Linguistic encounters: the performativity of active listening

24 June 2016, New Conference Room, Sofia University

Beata Stawarska University of Oregon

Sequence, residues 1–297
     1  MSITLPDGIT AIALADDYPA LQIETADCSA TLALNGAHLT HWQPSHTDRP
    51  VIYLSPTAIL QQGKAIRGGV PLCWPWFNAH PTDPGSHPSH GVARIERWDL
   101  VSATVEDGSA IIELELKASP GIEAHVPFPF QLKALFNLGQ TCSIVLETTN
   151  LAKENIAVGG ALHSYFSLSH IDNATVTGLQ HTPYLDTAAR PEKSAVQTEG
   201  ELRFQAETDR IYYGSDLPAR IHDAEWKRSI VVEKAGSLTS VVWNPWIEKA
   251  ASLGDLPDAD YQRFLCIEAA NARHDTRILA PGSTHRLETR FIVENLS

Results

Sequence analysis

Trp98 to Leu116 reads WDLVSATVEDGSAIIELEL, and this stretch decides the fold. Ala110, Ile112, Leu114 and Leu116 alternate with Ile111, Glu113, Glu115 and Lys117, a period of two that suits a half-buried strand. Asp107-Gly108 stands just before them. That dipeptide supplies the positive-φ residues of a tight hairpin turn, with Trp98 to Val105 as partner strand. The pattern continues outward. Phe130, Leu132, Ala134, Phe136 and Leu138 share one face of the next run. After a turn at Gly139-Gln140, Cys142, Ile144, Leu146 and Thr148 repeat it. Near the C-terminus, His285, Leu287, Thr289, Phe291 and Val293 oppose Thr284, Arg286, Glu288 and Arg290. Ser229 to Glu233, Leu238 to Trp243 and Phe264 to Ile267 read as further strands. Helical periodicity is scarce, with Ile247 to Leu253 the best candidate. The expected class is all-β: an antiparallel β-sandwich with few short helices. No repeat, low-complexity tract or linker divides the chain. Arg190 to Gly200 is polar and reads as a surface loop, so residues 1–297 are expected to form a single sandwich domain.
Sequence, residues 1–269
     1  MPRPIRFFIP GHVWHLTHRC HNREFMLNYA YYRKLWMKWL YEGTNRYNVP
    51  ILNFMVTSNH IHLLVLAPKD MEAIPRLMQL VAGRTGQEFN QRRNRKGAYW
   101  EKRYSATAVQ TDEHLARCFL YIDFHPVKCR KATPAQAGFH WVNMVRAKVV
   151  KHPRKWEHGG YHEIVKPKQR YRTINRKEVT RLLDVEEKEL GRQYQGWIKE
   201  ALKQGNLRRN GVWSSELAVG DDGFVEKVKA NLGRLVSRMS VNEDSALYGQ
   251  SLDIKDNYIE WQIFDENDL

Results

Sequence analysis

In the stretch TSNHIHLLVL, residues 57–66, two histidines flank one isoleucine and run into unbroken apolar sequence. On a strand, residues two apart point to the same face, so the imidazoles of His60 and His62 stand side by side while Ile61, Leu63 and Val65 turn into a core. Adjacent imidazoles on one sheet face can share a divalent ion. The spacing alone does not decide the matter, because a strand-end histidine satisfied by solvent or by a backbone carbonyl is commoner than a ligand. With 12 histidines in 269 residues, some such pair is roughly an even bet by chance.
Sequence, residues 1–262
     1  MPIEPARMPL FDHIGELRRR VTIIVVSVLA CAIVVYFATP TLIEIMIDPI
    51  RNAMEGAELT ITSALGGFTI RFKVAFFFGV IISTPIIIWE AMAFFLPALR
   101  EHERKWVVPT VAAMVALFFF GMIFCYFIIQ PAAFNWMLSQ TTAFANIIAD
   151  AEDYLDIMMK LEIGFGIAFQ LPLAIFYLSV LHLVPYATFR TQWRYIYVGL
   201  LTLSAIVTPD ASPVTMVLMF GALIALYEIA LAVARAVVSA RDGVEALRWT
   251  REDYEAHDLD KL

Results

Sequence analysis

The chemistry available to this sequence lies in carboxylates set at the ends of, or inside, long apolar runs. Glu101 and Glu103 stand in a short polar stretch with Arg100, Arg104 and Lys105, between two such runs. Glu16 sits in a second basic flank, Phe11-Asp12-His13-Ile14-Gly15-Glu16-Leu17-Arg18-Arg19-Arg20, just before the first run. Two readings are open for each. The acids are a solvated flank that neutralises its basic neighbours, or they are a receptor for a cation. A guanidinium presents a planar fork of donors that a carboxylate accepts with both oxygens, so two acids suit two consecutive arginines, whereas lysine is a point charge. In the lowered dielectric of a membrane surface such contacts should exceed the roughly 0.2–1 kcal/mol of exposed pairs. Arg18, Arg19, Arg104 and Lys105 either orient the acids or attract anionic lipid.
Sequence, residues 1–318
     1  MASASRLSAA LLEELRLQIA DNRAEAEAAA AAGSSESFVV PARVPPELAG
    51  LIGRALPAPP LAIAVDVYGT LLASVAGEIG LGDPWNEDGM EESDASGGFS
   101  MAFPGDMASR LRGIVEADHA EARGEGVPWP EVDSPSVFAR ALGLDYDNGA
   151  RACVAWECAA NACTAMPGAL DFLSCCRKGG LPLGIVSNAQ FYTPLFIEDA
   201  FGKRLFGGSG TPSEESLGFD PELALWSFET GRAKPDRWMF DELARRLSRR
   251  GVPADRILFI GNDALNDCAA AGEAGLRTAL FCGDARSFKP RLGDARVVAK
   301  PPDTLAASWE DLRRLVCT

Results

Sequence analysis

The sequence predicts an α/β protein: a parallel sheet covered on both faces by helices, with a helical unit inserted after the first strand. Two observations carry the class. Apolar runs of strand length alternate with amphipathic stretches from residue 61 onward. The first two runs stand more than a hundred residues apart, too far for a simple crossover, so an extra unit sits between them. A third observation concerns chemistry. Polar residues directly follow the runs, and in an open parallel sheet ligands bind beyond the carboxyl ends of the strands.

image1 In my talk, I examine social encounters in language by combining an inquiry into individual saying acts (otherwise called speech-acts) with a reflection on how the enabling and constraining social conditions impact the success of such acts in the present. In other words, I propose to work at the intersection of a micro-sociology of social encounters with a larger structural focus on historically contingent social positions. Yet my overall task is not only diagnostic but also emancipatory, and I seek resources for resisting the received and sedimented social relations of power, including at the level of the individual sayings themselves. I therefore recover Bourdieu’s central claim that language mirrors social conditions of power operative in our not-solely-linguistic lives but emphasize, in agreement with Butler’s conception of linguistic performativity, that an ongoing linguistic practice does not solely reflect but can also resist and revise dominant distributions of power by enacting novel social relations through the saying acts. I argue that both Bourdieu’s and Butler’s understanding of the language-power structure will benefit from integrating additional insights from speech act theory, specifically regarding the importance of the hearer’s uptake for a successful or felicitous performance of a speech act. Speech is typically thematized in terms of the vocal production made by an individual speaker or a group but I will argue, drawing on Austin and in agreement with Hornsby and Langton, that the hearer’s uptake, which includes at least minimal receptiveness to what the speaker is saying, constitutes an integral and active element of the total speech situation. Defined in this way, uptake belongs to the language and power structure since granting the speaker minimal receptivity can enable a speech act to function as such (for example, an attempted order to become an accomplished one) while withdrawing minimal receptivity can make the speech act flounder. I turn to Irigaray’s philosophy of dialogue across sexual difference to make a case for active listening as an emancipatory strategy that can re-authorize speakers who have been socially disempowered on account of their gender. Throughout, I seek to both recognize the weight of inherited social conventions in language and to recover the capacity for sociolinguistic renewal within the partially unscripted and potentially innovative interactions between language users in the present